By Simon Tindal, CTO of Smart Communications
It’s no surprise that a growing number of today’s organizations are implementing a cloud-first strategy as they shift their spending away from servers, and other on-premise, legacy systems and technologies. In fact, Gartner predicts that 28% of spending within key enterprise IT markets will shift to the cloud by 2022, up from 19% in 2018. Furthermore, Forbes recently released the State of Enterprise Cloud Computing which revealed that 77% of enterprises currently have at least one application, or a portion of their computing infrastructure, in the cloud. With the public cloud services market projected 17.3% percent growth, totaling $206.2 billion in 2019, it’s clear that a cloud-first approach is no longer just an option – it’s becoming a necessity for organizations to scale.
As cloud becomes widely adopted, it will begin to influence even greater portions of enterprise IT decisions as organizations aim to improve their system infrastructures. We’ve already touched on how moving to the cloud can lead to more personalized and impactful customer conversations, but there are even more reasons migrating to the cloud should be at the top of your to-do list in 2019.
Overcoming the Fear of Digital Disruption
These days, “digital disruption” is no longer a concern for the future, it’s a reality NOW! Whether it’s a fear of migration, a need to adhere to strict compliance regulations, stringent privacy issues, or geographic barriers, every organization is experiencing their own set challenges, regardless of the stage of digital transformation they are in.
Knowing Your Options
The good news is, there are several cloud deployment options designed to fit your unique business needs. Here’s a quick overview of the three main cloud deployment models that could transform your business:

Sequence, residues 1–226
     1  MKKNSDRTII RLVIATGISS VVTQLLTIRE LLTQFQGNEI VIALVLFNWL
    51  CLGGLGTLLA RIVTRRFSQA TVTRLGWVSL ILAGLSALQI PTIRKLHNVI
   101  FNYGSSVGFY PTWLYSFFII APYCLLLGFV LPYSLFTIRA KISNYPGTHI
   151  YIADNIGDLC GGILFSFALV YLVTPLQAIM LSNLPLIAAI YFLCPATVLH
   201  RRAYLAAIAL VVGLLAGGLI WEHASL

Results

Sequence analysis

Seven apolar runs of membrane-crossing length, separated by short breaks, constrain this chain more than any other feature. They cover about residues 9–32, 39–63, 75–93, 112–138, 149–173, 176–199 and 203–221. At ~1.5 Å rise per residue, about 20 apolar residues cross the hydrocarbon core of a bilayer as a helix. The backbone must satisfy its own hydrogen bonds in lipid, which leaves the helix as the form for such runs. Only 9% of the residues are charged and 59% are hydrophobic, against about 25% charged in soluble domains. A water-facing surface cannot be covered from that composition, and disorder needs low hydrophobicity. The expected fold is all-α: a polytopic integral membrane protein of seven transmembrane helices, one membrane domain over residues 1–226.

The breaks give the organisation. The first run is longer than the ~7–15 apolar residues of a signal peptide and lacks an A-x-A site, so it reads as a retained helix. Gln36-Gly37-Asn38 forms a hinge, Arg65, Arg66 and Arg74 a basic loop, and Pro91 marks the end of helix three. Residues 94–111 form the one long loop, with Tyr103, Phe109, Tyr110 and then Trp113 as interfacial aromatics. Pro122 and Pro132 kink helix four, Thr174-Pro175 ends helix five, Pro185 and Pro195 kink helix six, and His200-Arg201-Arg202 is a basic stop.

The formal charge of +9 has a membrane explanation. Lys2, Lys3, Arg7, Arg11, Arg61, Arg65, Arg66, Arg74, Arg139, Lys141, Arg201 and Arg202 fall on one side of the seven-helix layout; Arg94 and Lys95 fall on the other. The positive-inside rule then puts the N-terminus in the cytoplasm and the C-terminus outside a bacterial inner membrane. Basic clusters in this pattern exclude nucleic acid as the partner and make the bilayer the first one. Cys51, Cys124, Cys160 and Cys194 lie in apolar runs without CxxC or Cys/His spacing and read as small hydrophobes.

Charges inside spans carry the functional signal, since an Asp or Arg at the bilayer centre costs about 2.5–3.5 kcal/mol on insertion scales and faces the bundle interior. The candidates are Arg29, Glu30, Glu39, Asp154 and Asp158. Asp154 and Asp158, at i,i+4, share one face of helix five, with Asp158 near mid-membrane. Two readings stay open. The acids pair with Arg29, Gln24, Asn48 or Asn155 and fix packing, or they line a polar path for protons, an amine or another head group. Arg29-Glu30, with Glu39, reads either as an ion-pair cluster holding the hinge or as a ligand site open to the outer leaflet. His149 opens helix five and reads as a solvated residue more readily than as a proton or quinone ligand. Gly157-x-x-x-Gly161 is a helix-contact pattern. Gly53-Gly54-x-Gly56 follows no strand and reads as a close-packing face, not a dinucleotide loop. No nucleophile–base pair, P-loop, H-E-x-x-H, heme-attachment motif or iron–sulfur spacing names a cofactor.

- Public Cloud: Public Cloud services are offered by third-party providers over the public internet, meaning they are available to anyone willing to purchase them. Amazon Web Services (AWS), Microsoft Azure, IBM Cloud and Google Cloud platforms are some of the more well-known public cloud providers.
- Private Cloud: A private cloud model is a single-tenant environment where the hardware, storage and network are purchased and provisioned for a single client or company.
- Hybrid Cloud: One of the more popular deployment models, the hybrid cloud uses a combination of public/private cloud with on-premise services.
Why We’re Running With AWS
Earlier this year, we announced our plans to support SmartCOMMTM, and SmartCOMMTM for Salesforce solutions on the AWS to provide additional deployment flexibility to our already available cloud and hybrid-cloud options. Running on the AWS infrastructure adds yet another layer of innovation to our platform and additional deployment flexibility. In addition to receiving amazing benefits including elastic scalability, and improved efficiency, our customers are better positioned to be at the forefront of digital transformation within their respective industries.
As demand has increased for our technology to support AWS across APAC and EMEA, as well as in the US and UK. AWS is a mature, globally-enabled secure environment – enterprises can trust that it will continue to enable them to scale as their needs and volumes evolve over time.
To learn more about our latest AWS announcements, visit our resources page or click here.